Formless but not Inchoate: Building Character

Nothing bores me more in life than filling out long forms about myself–nothing but golf, of course.  So it should come as no surprise that I have approximately zero desire (give or take a head-in-wall-thumping) to do the same for my characters.

Now, I recognize that filling out forms for each character (as advised by multiple sources) will not necessarily kill me. I realize, the expression is specifically that “I almost died of boredom,” not “Ms Ruth, formerly of New York, died early this morning of boredom. She leaves behind seven ill-formed characters and a plot that has yet to draw to a satisfactory close.”  Thank goodness.

But nonetheless, though forms don’t kill or many more writers would be perishing mysterious, dull deaths–I refuse.  I just refuse.  What does not kill me does not necessarily build my characters.  I refuse.

Perhaps realizing that I had refused (and in fact had gone so far as to–brace yourselves–delete all of my interview files, empty and pristine of answers as the day I first created them), one of my firmer characters, B, took matters into his own hands.

Talking with some other key characters, he remarked on how he sees D.  And wow, D gained depth!  D, who wasn’t a “problem character” anyway, suddenly had more shadows and nuance and substance. Not because B “captured him completely,” so to speak, but because B saw him in his own way.  In a different light. Both characters fleshed out from B’s insight.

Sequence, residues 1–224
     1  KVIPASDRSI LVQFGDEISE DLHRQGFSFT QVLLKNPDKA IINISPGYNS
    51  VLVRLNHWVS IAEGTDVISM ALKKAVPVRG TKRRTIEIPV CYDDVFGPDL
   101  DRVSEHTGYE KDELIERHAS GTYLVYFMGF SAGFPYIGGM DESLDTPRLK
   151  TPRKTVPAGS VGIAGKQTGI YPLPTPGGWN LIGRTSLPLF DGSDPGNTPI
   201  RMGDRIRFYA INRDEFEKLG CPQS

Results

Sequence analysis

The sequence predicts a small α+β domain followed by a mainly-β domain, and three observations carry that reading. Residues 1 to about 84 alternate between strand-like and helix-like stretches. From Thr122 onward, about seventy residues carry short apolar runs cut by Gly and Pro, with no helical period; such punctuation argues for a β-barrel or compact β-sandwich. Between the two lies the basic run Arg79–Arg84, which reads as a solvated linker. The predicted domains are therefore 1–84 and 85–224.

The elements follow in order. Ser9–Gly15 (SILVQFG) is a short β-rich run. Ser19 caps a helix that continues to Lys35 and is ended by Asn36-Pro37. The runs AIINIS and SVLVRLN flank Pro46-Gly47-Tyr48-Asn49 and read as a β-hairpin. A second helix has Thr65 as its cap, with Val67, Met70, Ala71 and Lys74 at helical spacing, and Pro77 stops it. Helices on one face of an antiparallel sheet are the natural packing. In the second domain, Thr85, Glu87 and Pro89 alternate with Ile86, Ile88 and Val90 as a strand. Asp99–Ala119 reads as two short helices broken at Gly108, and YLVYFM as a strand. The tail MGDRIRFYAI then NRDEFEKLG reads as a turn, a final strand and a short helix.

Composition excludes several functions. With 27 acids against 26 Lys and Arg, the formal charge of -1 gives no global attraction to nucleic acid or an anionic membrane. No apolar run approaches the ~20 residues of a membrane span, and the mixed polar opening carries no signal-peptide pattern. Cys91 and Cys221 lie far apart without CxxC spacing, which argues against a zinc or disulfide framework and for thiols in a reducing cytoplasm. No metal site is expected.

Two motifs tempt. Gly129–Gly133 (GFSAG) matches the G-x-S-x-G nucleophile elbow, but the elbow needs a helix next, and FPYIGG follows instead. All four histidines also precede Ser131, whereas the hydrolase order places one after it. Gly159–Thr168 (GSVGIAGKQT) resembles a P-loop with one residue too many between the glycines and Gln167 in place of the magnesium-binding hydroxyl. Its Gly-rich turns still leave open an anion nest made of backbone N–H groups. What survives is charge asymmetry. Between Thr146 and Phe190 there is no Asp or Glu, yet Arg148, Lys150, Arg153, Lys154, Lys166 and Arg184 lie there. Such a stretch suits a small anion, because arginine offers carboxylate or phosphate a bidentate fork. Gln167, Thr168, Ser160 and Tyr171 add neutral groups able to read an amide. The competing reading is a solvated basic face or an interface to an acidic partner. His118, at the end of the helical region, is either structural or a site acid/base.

It’s like when you’re talking with someone and they mention a mutual acquaintance, and you’re curious what they think about them. Why? You know that third person too. Why would you care for another point of view?

I guess sometimes we see things that others don’t, and vice-versa, and it’s interesting to mull over a new angle–and it also tells you something about the person speaking, him or herself.  And how you want to treat them in the future.

B just added depth… When I thought he was being more concretely himself, he was also grounding all of us…

And yes, I just lumped myself in with my characters.

Yay! If any readers here are writers–what have you found helps, or is it just time and that mix of clear and still-being-forged characters which eventually imprint their selves on the work?

unknown man, upstate